The porterhouse is a common favorite among American steak lovers. Though it looks similar to a t-bone steak, a porterhouse contains an extra muscle on the central-upper side. When trimmed of fat, the porterhouse is quite lean and the National Cattlemen’s Beef Association reports that 3 ounces of lean beef contain more than 50 percent of the recommended daily intake of protein. Rich in a host of essential nutrients, the porterhouse is healthy by itself. However, the Mayo Clinic lists broiling as one of the healthiest methods of preparation, enhancing the flavor, tenderness and the healthful nature of the porterhouse steak.
Purchase your meat from a reputable butcher rather than a commercial grocer where possible. Butchers handle the meat professionally, specializing in the proper handling of meat and animal products. Further, grass-fed beef, which is generally healthier than grain-fed beef, is most commonly found through butchers.
Season your steaks according to your taste. If you choose to marinade your steak, refrigerate it for at least one hour before use.
Find the location of your broiler in your oven. Most ovens will contain a broiler at the top of the oven. Some gas ovens will locate it in a drawer below the oven, in the place where pots, pans and other utensils are normally stored.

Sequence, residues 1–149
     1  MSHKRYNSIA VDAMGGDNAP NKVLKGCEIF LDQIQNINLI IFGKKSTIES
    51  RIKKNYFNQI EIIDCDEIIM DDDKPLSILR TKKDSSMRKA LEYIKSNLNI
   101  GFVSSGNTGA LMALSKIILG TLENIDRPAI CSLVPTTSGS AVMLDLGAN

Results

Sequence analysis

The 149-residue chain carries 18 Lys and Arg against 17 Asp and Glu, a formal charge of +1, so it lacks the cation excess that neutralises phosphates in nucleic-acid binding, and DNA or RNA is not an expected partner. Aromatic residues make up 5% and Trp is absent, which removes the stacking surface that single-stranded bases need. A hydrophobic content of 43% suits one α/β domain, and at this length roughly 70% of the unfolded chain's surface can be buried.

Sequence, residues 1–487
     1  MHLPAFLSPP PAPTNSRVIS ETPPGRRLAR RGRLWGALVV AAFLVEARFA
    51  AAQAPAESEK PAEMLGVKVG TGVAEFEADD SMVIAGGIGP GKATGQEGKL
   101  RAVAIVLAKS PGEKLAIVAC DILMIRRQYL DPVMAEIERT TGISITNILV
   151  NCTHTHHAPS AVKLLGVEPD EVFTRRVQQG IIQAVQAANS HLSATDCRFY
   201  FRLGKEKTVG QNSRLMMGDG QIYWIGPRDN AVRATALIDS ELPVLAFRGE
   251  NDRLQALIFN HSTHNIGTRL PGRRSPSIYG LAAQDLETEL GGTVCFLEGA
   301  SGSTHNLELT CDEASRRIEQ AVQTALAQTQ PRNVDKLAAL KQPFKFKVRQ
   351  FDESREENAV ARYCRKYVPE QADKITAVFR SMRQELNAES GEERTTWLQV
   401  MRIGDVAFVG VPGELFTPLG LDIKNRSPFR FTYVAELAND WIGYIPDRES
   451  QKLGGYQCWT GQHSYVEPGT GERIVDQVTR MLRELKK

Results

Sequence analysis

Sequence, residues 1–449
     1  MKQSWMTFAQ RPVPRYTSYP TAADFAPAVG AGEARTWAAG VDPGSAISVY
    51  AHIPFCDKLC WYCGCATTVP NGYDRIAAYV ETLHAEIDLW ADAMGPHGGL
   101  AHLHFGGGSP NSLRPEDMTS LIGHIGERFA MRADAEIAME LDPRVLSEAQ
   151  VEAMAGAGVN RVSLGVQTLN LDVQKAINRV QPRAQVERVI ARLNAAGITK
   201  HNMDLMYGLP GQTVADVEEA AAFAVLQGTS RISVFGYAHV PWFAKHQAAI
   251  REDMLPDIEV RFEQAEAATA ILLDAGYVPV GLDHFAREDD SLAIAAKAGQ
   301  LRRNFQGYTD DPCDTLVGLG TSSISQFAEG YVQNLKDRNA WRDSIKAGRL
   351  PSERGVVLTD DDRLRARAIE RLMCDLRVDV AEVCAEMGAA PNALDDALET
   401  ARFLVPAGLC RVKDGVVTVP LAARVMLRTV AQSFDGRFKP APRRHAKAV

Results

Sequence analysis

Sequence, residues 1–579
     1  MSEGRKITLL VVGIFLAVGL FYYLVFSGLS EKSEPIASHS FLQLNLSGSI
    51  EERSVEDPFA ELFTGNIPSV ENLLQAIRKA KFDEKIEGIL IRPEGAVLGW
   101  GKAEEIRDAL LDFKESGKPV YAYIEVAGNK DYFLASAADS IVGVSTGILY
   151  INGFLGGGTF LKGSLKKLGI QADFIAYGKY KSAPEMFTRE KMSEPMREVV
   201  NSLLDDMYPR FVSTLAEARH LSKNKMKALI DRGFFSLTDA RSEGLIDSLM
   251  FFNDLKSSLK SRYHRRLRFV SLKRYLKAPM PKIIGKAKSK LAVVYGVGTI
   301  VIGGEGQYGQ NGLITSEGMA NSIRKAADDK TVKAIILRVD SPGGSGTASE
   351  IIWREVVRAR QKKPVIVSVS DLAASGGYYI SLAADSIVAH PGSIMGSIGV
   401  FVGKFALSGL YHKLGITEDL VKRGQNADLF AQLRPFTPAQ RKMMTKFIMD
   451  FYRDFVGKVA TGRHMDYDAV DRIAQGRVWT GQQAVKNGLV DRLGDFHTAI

Preheat your broiler on a high heat after moving the oven rack to the second position from the top -- this allows the broiler more room to circulate the heat needed to cook the steak evenly.
Oil your steaks with olive oil instead of applying oil directly to the surface of the broiler pan, as this reduces the amount of excess smoke produced by the high heat.
Place your porterhouses on the broiler pan and broil until they are visibly brown around the entire visible surface. Flip the steaks and cook them according to desired doneness: A reading between 120 F and 125 F indicates a rare steak. A medium steak will register at 140 F to 150 F. Expect an internal temperature above 160 F for well-done steaks.
When the meat is cooked to your satisfaction, remove it and let it rest for 10 minutes to redistribute the juices before serving.
Serve the steaks warm with your desired sides or toppings.
- Virginia Tech University: Meat Cut Identification
- National Cattlemen's Beef Association: Health Benefits of Beef
- Mayo Clinic; Healthy Cooking Techniques: Boost Flavor and Cut Calories; April 2011
- How To Cook Meat; Broiled Porterhouse Steak; Nils Hoyum; November 2010
- Culinate; Playing With Fire: Ditch the Grill in Favor of the Broil; Helen Rennie; January 2007
- JJPaden/iStock/Getty Images